Homework Crisis

If my WordPress stats reveal anything, it’s that the blogosphere likes me best when I’m in reflecto-panic-crisis mode. Well, thanks to a post from John Scammell over at Zero-Knowledge Proofs, I’m back at it. The subject this time: Homework.

I’ve spent a lot of this school year weighing the usefulness (or lack thereof) of my various classroom practices. I lecture too much, my students spend far more time doing more “exercises” than “problems,” my assessments need some serious work… The list goes on. In recent months I’ve thought occasionally about the effectiveness of my homework policy. John’s post has me thinking about it again, and this time I don’t believe I’ll be able to rest until I’ve sorted out what my approach should look like and how I’ll get there.

In the Past…

In my first year of teaching, my homework sins were many. (1) I tried to grade it all myself. For about two weeks, anyway. Then I tried to grade 5 problems per assignment, all myself. Still terrible, and now for twice as many reasons. Eventually I “outsourced” homework grading to the students themselves and a TA. Better in some ways, worse in others, but still broken, because… (2) I would allow the start-of-class homework discussion to last 15 to 20 minutes (out of a 45 to 50 minute period). Horrible. Shamefully horrible. There was then never enough time to address new material, which meant I could expect widespread struggles on the next homework assignment, which meant another long homework discussion to start class the following day, and on and on. For me, it was wash, rinse, repeat at least 150 times per semester. (3) “Preparing students for the homework” became the driving force of all my instruction. Which was weird, because I was the one who selected the homework, but then once I did that I felt like I was no longer in control. The assigned homework was in control. When we weren’t prepared for the sometimes well-selected, sometimes poorly-selected assignment, I felt like the day was lost. I would occasionally send kids home to suffer through the assignment anyway (lots of frustration and tension and guilt mixed in with that approach). Other times I would postpone the assignment (which was always received with loud applause from students) and consider myself a failure—at least for the day—because the lesson didn’t “work” and we were “falling behind.”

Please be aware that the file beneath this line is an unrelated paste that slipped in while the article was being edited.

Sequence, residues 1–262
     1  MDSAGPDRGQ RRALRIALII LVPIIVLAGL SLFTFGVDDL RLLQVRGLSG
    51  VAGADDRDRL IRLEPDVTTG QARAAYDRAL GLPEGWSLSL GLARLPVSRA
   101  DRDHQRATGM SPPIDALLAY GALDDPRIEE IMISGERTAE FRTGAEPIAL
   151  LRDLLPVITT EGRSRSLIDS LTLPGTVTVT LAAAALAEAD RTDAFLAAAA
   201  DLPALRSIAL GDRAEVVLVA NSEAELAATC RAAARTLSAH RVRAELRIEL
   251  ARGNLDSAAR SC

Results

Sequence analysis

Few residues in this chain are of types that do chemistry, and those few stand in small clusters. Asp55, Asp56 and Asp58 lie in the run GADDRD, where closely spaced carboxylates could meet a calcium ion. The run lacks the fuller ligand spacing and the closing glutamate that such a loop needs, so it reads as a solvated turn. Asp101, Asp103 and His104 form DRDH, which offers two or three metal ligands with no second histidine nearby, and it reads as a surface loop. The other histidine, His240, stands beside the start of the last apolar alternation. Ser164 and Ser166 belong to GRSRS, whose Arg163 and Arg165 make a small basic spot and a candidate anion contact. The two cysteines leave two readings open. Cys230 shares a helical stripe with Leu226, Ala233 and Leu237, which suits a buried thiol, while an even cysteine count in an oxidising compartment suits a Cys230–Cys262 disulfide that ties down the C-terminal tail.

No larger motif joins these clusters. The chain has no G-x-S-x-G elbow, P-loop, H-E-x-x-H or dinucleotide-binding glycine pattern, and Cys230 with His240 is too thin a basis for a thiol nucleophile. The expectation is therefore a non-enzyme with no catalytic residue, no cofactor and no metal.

In the Present…

It would take thousands of words to describe all of my imperfections as a teacher. But I could probably use almost as many to describe the ways I’ve grown over the past nine years. I may not be particularly good at this teaching gig, but I’m better than I used to be.

I feel like I’ve successfully addressed the major issues outline in (1) and (2) above by streamlining our in class “homework check” routine. Of the many things I’ve tried over the years, I’ve been reasonable happy with two approaches: Hard copies of solutions (one paper per pair of students) or slides of solutions, with either method placed right at the start of class. There have been advantages and disadvantages to each approach, with each growing larger or smaller depending on the particular group of students, but the common result has been a start-of-class homework routine that usually takes between 2 and 4 minutes and provides every student with feedback on every attempted problem as “immediately” as I can manage given my available tools and my limited skill set.

Issue (3) is an ongoing struggle, and something I hope to consider further. Maybe it’s related to what I discuss below, maybe not.

Still in the Present…